NEW YORK (AP) -- Please call 510-872-7326, Marc Horowitz wants to meet you for dinner. Go ahead, dial it. If he doesn't answer, just leave him a message.
Horowitz, a conceptual artist in San Francisco, was working as a photo assistant on a shoot for a Crate & Barrel catalog when he came up with an idea for an art project that would question social barriers and maybe make the world a little smaller. The dry-erase board looked too blank, so he decided to write his cell phone number on it and, if anyone called, maybe take a road trip to meet them.
"It's about illuminating the importance of conversation between strangers," Horowitz said. "We just plug into our computers and think that's the way to live, but old-fashioned face to face is what it's about."
It's not his first madcap art project aimed at bringing people together. Last year, he ran errands with strangers, which consisted of picking out their cereal and folding their laundry. The 28-year-old also regularly sets up a coffeemaker in Alamo Square Park and hands out free coffee to passers-by.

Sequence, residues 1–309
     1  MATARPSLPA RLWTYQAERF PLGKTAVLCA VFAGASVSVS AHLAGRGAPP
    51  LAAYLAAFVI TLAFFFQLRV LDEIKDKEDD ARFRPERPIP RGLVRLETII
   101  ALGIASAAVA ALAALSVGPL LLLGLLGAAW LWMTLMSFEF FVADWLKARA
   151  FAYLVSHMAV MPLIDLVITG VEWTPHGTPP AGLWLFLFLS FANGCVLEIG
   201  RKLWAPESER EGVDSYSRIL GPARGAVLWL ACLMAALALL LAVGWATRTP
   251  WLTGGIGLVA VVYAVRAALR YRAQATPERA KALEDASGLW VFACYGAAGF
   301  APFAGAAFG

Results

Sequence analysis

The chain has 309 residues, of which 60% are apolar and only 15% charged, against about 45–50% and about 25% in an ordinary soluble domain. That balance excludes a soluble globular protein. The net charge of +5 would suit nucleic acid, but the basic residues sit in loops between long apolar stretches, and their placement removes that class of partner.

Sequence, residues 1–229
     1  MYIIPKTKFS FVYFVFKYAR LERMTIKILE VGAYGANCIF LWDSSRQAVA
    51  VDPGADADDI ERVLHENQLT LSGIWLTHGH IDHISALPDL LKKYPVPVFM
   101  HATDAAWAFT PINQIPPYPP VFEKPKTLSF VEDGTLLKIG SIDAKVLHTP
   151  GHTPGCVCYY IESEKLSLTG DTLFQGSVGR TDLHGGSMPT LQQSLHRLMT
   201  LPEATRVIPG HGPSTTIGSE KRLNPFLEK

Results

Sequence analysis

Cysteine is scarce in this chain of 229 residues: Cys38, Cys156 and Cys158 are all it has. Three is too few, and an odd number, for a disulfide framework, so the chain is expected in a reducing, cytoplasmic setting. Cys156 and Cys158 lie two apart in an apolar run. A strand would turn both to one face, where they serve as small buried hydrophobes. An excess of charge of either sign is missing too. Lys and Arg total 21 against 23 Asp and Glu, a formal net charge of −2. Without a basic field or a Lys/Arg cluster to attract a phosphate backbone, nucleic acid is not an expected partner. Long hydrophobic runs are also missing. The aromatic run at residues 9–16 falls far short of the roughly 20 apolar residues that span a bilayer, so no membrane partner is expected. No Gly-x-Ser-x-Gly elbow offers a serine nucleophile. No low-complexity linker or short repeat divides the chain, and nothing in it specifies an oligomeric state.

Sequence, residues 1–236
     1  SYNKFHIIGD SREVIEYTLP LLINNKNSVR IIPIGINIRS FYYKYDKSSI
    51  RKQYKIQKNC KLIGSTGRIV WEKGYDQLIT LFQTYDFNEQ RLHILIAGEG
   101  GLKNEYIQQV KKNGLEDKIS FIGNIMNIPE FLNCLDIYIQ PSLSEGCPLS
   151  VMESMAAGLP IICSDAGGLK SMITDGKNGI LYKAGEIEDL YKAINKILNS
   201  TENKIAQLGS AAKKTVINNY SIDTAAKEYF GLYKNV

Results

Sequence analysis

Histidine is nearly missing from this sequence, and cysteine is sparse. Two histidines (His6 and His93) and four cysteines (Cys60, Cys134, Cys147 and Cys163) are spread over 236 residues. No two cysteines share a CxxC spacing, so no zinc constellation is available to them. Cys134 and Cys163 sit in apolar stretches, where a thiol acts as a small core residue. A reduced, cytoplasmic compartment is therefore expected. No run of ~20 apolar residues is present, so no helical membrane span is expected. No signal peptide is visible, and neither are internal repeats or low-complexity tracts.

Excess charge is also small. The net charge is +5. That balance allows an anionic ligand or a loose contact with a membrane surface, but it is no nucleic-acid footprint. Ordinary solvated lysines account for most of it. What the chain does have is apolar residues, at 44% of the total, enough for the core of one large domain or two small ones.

The dinner tour was supposed to be a three-month journey to meet a few dozen people, but now it has ballooned to include thousands of lonely souls. Horowitz left last week and plans to crisscross the country for at least a year.
Horowitz sold his truck, bought a mini-RV, sublet his apartment and held a garage sale to help fund his journey. He has rejected offers to turn his adventure into a TV show or documentary, which he believes would poison the organic purity of the conversations he hopes to have. But, he allows, he might write a book.
"It's about really listening and knowing that everybody has something important to say and that their stories are fascinating," he says. "This is real conversation with real people -- it's something you can't buy."